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Salmonella in the Caribbean (CB1167)

	Salmonella montage

For years, Salmonella was a pathogen of public health concern in the Caribbean. Because of limited resources, however, the problem received inadequate attention. When outbreaks of diarrhea occurred among tourists at luxury hotels in the region, staff from the Caribbean Epidemiology Centre (CAREC) collaborated with the ministries of health from the affected countries (agricultural and tourism agencies) to find the source.

  • How do case characteristics provide clues to the problem?
  • What studies should be undertaken?
  • What can be done to control the problem?

Work through this case study and help CAREC find the answers to these questions and more.

Target Audience

Web-based version of case study now available at http://www.cdc.gov/training/SIC_CaseStudy.

Available for Download

  • Complete Package (65.6 MB)
    System Requirements:
    • Microsoft® Windows® 95, Windows® 98, Windows® NT® 4.0 with service pack 3 or higher, or Windows® 2000
    • Intel® Pentium® III Processor or equivalent
    • Available hard disk space:
      • 65.6MB, if installing the case study from the CD or downloading the Complete Package from the Internet.
      • 17 MB, if downloading the Alternative Package from the Internet.
    • 16 MB of memory
    • 4x speed (NOTE: Only needed with CD format of program)
    • Monitor resolution of 800 x 600 with 16-bit color
    • Display font size set to "Small Fonts"
    • Mouse

Public health practitioners with knowledge of basic epidemiologic and public health concepts, including epidemiologists, infectious disease investigators, public health nurses, environmental health specialists, sanitarians, laboratorians, and MPH students.

Learning Objectives

After completing this case study, the student should be able to do the following:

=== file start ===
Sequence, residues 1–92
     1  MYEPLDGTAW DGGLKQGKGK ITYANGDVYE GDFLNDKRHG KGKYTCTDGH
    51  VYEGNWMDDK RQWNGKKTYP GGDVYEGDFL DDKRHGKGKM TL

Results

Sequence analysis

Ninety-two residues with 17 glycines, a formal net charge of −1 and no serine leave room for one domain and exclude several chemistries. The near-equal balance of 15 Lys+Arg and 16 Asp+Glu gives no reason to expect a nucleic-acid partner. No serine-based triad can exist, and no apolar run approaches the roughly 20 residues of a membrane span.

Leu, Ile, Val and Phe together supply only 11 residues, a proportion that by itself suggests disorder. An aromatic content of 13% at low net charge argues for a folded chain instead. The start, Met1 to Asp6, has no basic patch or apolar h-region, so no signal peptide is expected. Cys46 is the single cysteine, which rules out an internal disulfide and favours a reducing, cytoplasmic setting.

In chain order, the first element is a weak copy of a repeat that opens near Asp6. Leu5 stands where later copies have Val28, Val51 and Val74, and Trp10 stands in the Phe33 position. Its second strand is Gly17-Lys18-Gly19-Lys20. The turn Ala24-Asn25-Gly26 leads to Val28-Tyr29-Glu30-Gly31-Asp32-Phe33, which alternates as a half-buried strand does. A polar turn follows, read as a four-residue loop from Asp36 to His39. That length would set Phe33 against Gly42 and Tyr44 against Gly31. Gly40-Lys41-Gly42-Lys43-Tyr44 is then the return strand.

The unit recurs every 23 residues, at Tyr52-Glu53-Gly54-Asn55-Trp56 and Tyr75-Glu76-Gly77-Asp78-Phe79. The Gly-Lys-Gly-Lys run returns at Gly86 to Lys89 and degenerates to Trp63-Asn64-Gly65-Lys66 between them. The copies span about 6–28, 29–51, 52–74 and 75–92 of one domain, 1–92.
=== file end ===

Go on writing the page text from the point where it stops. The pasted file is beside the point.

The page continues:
• Describe the epidemiology of infection with Salmonella (e.g., incubation period, modes of transmission, and common vehicles)
  • List the steps that might be used to investigate and address a public health problem
  • Describe the desired characteristics of a surveillance system for a disease, given the objectives of the surveillance system
  • Analyze figures that display public health data
  • Interpret the results of a case-control study
  • Discuss the uses of subtyping information in foodborne disease investigations
  • Assist in the evaluation of a surveillance system
  • Discuss how surveillance data can be used to identify and characterize public health problems and to monitor control measures

Prerequisites

Knowledge of basic public health and epidemiologic concepts (including descriptive epidemiology, study design, and data analysis).

Language

English

Level

Intermediate

Time

3 to 4 hours

Developed By

This product stems from a collaboration within the Centers for Disease Control and Prevention (CDC) with individuals from the:

  • National Center for Zoonotic, Vector-Borne and Enteric Diseases; Division of Foodborne, Bacterial and Mycotic Diseases and Food Safety Office
  • Office of Workforce and Career Development; Training Services Division

The development team included Jeanette K. Stehr-Green, MD, and Nancy Gathany, MEd.

Original Investigation Team

The following persons investigated the original salmonellosis problem in the Caribbean: Lisa Indar-Harrinauth, Nicholas Daniels, Parimi Prabbakar, Clive Brown, Gail Baccus-Taylor, Edward Commissiong, Hugo Reid, and James Hospedales.

Font Resizing Instructions

Once you install and run the case study, if you find that the text on the case study notebook appears to be cut-off (e.g., you do not see complete sentences or some of the content seems to be missing), it is likely that you are not using standard fonts in your computer settings. This is easily remedied with the following steps:

  1. Select Start from your Windows desktop (located in the lower left-hand corner of your computer screen).
  2. Point to Settings, and select Control Panel. NOTE: the specific titles for these choices will vary depending on your operating system.
  3. In the Control Panel window, double-click on the Display icon.
  4. In the Display Properties window, select the Settings tab.
  5. Select the button labeled Advanced located at the bottom right of the window. Be sure that the General tab is selected.
  6. Use the pull-down menu to change the Display Font Size to "Small Fonts".
  7. You will be prompted to install the new fonts and restart your computer to apply the changes. To return your computer to its original settings, follow the same series of steps but substitute your original font setting for the "Small Fonts" in Step 6.
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